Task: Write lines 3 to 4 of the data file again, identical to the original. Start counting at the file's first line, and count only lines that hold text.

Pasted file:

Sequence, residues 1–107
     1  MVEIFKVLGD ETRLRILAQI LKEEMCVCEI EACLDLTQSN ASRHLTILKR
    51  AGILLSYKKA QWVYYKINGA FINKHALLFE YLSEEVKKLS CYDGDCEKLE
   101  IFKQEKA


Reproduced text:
    51  AGILLSYKKA QWVYYKINGA FINKHALLFE YLSEEVKKLS CYDGDCEKLE
   101  IFKQEKA